Weighing Benefits Versus Annual Fees

Once your initial annual fee waiver period ends, here are some factors to weigh when considering if you should keep the card and pay the annual cost:

  • How much would you otherwise spend out of pocket for the card’s perks?
  • Do you frequently use and maximize benefits like lounge access, credits, elite status, etc?
  • Do the bonus point earning rates on the card align with your largest spending?
  • Does the card fill a gap in your wallet rewards strategy?
  • Have you utilized the introductory signup bonus and referral offers?
  • Does the card provide enough incremental value beyond your other cards?
  • If canceled, is there another no-fee card to switch to while keeping your credit line?
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You likely want to pay the annual fee if the card delivers high personalized value that exceeds the cost.

Tips for Maximizing Fee-Waived Card Benefits

To maximize value during the annual fee waiver period:

  • Complete minimum spend for the welcome bonus fast to earn points sooner
  • Use card credits like travel and dining early in the year while they’re available
  • Book award flights and hotels to get outsized value from point redemptions
  • Use card-specific discounts like hotel elite status for free breakfast or late checkout
  • Check your point earnings to ensure you receive referral bonuses and credits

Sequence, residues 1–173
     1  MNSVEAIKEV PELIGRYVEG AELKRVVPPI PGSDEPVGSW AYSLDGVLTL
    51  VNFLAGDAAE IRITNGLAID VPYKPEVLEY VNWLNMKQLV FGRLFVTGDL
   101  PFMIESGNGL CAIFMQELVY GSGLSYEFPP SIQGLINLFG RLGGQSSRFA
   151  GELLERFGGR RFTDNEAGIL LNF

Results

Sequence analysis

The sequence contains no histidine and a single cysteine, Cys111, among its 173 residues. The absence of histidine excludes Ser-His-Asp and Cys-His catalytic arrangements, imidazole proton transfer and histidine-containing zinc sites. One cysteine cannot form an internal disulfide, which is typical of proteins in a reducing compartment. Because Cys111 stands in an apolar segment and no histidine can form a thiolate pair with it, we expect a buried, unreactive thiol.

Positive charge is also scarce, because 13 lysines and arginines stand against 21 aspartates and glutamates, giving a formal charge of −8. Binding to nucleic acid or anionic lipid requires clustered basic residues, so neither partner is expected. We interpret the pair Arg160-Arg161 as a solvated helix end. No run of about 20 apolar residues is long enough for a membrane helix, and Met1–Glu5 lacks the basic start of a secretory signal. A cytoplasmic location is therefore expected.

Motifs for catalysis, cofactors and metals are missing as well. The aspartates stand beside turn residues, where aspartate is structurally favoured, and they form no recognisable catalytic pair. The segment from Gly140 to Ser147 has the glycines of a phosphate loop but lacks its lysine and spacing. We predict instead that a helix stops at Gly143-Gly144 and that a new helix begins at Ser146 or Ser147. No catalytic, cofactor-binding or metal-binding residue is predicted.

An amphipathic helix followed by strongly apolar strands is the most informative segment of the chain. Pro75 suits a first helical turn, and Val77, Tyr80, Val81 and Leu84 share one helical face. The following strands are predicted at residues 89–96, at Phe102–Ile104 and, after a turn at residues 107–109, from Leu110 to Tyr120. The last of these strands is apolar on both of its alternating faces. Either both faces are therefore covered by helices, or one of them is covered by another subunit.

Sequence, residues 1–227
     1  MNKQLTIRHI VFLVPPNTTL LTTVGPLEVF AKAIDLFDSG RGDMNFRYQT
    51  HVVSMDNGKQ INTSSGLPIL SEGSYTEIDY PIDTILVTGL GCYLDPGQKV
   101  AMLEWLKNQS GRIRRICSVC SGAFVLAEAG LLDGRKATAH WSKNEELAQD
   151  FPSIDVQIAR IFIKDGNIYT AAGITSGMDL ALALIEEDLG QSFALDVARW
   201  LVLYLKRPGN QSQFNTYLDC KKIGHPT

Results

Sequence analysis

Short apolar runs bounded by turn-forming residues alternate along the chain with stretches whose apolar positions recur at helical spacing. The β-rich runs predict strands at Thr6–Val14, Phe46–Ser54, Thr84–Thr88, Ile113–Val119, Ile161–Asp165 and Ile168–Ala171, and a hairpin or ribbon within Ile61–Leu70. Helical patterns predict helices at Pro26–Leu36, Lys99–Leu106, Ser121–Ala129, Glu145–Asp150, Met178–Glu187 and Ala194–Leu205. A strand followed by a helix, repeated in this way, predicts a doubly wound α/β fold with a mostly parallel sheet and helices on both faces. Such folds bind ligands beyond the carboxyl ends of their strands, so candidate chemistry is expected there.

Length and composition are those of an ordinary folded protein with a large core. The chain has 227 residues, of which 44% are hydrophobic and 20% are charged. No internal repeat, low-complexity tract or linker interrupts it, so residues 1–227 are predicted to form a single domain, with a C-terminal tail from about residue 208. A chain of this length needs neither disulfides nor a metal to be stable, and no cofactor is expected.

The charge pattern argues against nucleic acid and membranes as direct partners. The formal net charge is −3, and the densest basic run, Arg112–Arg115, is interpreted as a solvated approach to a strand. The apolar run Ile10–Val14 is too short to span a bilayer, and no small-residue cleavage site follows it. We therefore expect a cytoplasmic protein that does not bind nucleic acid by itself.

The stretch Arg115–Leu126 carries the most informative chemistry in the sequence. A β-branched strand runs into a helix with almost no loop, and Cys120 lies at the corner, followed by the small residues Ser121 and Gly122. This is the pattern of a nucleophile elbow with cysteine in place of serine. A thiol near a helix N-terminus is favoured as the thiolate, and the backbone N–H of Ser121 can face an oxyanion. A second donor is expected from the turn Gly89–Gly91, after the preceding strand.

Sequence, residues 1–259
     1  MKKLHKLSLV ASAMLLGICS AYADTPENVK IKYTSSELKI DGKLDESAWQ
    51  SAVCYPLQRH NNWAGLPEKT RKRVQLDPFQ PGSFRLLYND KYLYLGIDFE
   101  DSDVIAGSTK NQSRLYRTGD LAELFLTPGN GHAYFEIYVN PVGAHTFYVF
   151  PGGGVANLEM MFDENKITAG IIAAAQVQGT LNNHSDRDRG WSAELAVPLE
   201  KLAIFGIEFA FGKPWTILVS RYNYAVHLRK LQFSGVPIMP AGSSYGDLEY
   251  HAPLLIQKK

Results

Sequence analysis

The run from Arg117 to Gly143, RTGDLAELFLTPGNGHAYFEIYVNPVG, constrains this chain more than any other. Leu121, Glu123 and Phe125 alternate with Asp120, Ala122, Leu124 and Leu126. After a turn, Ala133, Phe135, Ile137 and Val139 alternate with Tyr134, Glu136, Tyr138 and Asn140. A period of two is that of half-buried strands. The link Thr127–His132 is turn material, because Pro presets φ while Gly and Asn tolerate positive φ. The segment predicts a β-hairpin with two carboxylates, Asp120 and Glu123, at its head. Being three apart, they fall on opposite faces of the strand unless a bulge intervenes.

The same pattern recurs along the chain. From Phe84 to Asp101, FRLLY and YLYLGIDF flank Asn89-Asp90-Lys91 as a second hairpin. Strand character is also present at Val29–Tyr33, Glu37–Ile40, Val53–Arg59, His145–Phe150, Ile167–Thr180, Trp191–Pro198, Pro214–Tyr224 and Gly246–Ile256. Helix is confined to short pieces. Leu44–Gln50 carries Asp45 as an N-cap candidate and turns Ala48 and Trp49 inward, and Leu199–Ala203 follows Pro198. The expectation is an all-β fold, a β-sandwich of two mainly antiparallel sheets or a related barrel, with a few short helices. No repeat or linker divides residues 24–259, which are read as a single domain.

• Add authorized users to earn more points from additional cardholder spending
  • Use mobile apps like Priority Pass and LoungeBuddy to access airport lounge visits
  • Take advantage of any card anniversary points or elite status renewal perks

When You May Want to Cancel After the Fee Hits

Here are some signs that cancelling a card once the annual fee hits may make sense:

  • You’re no longer eligible for a new cardholder signup bonus you want to earn
  • Your travel habits have changed and you’re no longer maximizing key card benefits
  • An alternative card offers you higher rewards value long-term
  • You need to scale back cards and simplify your credit profile
  • An annual fee hike makes the card no longer worthwhile
  • You’re focused on reducing household expenses
  • The card is not your oldest account so closing won’t significantly impact length of credit history

Downgrading to a no-fee version of the same issuer often makes more sense than an outright cancellation. But closing a card is sometimes the right move if it no longer aligns with your spending and travel habits.

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Closing Thoughts on First Year Fee Waivers

Getting to try out premium travel card perks before paying a hefty annual fee makes it low risk to apply for cards that otherwise give you pause. Use the introductory period to truly test how much value you will derive from access to airport lounges, elite status, annual certificates, and other benefits.

But don’t forget to look beyond just the first year waiver when evaluating a card. Consider the ongoing rewards structures and long-term value aligned to your lifestyle. Travel habits change, so remaining objective about a card’s benefits ensures you get the highest value over time.